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  • Emma Hallett

What to do if you are involved in an incident

As part of the theory test you are required to know what to do in if you are involved in an incident and it’s something that may well happen once you have passed your test but it’s very unlikely to happen during your lessons so it’s something I can’t give you practical experience of. I thought I would write some hints and tips so hopefully you will have a better understanding for your theory test and if it ever happens for real at least you will know what you need to do.

  • If you are involved in an incident you must stop.

  • Warn other traffic by switching on your hazards.

  • If you have one display an advance warning triangle.

  • Switch off engine and put out cigarettes and other fire hazards.

  • If necessary call the emergency services. Give them as much information as possible. If using a mobile phone rather than an emergency phone to contact them you will need to know your exact location.

  • You must call the Police if there are any injuries to people or animals, or any damage to any vehicle or property. You have 24 hours to report it. You will be required to give your name and address, the name and address of the owner of the vehicle, and the registration number of the vehicle. You will also need to provide your insurance details if someone is injured.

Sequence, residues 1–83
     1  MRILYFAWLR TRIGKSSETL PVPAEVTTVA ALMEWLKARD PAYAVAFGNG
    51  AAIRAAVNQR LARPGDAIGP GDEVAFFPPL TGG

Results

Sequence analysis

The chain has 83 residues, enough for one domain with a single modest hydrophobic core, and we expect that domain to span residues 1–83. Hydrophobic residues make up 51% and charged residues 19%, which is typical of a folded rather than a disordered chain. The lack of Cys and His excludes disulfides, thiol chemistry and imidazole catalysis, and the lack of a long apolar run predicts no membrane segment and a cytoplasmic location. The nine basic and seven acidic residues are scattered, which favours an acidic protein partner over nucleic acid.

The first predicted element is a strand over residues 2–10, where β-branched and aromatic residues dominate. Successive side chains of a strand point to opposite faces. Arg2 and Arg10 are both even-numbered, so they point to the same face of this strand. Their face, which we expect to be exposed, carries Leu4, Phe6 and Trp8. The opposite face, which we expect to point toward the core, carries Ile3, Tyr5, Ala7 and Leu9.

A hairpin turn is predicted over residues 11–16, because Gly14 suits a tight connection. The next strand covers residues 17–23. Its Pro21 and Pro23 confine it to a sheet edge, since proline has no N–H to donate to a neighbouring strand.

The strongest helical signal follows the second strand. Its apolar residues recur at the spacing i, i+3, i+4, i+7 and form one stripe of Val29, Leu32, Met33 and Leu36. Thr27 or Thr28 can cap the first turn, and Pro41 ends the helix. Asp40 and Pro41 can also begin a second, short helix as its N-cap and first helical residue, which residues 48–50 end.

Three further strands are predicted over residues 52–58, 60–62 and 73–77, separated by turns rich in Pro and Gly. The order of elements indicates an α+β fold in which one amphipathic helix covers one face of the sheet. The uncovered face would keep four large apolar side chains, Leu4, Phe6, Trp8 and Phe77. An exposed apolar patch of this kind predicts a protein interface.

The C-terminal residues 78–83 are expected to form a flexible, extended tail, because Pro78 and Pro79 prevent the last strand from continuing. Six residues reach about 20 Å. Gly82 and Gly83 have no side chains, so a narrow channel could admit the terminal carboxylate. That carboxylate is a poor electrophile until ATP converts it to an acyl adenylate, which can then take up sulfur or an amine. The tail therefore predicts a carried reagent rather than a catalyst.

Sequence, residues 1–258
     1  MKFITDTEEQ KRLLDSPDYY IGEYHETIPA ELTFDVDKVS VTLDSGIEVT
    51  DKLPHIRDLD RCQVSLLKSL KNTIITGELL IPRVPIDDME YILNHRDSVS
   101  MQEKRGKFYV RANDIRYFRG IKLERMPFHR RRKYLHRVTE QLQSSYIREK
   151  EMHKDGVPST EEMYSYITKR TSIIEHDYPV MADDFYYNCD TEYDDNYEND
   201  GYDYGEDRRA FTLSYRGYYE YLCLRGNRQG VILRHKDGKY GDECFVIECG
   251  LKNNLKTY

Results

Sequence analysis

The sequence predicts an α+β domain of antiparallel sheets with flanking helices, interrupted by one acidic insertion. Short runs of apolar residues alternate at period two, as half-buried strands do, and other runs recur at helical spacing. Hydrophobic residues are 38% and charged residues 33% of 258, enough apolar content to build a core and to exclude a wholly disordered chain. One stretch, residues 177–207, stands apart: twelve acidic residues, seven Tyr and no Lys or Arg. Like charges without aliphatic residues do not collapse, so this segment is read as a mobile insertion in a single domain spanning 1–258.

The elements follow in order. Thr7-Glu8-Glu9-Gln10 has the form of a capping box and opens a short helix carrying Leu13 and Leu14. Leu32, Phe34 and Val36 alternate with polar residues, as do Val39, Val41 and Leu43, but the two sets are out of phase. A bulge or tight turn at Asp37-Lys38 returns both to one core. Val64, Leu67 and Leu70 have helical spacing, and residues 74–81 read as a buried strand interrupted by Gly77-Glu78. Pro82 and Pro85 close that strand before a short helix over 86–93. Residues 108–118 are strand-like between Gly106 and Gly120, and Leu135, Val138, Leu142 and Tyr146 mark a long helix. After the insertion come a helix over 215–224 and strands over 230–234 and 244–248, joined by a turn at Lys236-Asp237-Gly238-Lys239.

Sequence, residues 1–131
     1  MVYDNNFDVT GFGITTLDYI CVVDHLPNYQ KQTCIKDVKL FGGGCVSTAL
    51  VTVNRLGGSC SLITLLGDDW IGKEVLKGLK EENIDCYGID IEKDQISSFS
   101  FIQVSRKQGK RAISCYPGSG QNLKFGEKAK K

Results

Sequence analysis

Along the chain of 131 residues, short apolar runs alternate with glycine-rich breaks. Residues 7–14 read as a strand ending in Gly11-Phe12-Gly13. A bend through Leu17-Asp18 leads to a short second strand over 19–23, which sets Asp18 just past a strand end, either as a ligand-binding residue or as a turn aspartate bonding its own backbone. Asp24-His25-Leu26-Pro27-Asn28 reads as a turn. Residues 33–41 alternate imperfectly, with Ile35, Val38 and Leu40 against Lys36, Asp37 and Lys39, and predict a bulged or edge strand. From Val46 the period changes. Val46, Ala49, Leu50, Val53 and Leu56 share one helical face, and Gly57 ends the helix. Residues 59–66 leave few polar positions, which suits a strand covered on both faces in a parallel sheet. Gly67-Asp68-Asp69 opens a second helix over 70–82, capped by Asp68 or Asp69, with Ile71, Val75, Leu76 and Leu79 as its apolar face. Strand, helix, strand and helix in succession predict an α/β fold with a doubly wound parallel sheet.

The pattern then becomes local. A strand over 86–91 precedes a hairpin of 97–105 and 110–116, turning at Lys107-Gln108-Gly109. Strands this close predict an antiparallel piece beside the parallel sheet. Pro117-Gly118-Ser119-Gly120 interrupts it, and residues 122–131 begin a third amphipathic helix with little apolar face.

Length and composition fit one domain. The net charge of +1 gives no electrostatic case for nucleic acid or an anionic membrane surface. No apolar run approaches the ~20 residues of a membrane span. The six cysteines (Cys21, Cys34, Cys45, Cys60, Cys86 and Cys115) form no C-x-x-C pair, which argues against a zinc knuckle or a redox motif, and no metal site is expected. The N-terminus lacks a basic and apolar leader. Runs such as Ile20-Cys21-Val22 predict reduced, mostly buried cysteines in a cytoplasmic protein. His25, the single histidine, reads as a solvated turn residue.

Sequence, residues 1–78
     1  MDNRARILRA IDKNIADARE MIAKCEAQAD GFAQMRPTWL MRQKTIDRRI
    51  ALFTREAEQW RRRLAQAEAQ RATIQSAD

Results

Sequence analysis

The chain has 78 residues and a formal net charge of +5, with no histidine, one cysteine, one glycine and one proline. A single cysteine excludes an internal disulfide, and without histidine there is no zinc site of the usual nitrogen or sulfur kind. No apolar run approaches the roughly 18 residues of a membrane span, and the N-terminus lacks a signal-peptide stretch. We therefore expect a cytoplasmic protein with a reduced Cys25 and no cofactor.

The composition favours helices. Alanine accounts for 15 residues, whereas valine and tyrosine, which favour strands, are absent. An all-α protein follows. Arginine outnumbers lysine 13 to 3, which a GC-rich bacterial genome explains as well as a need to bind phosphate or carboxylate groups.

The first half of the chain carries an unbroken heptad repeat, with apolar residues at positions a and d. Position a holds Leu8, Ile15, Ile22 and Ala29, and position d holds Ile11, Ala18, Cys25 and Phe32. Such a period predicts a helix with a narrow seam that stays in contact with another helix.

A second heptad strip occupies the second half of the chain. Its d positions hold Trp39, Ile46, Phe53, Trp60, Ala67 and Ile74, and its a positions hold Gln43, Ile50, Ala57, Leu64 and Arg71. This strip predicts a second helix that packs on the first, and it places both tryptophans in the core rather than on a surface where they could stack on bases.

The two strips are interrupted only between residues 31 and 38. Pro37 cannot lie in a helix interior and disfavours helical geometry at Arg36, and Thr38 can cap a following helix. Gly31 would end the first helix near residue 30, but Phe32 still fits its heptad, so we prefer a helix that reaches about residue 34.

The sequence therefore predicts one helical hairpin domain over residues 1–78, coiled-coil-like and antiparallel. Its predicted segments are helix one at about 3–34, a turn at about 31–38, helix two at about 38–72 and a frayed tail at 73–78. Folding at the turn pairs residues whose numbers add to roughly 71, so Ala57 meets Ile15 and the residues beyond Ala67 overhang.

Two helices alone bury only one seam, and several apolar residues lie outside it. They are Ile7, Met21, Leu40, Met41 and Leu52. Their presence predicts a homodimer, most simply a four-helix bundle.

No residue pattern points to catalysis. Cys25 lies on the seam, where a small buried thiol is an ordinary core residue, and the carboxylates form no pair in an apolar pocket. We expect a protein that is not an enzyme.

• Move uninjured people to a place of safety. Don’t move anyone trapped in a vehicle unless they’re in danger. Don’t remove a motorcyclist’s helmet.

  • Give as much information as you can to any emergency services in attendance.

  • If yours or another vehicle is carrying dangerous goods make sure you inform the emergency services and keep well away. Do not use a mobile phone near flammable loads.

  • Note any witnesses and take details of their names and addresses.

  • Exchange details with the other driver – name, address, phone number, make and registration of their vehicle, and insurance details.

  • Gather as much information as you can:

  • Vehicle damage (take pictures if you can)

  • If anyone is injured

  • How many people were in the vehicle

  • Weather conditions

  • Road conditions

  • Details of the other vehicle – e.g. the colour and condition, were they using their headlights?, were they indicating?

  • What was said by you and others

  • ID numbers for Police

  • Any other factors

  • Draw a map and give approximate distances.

  • Keep a copy of any statements given.

There are some useful checklists out there (such as if you are interested in printing any off to keep in your car just in case.

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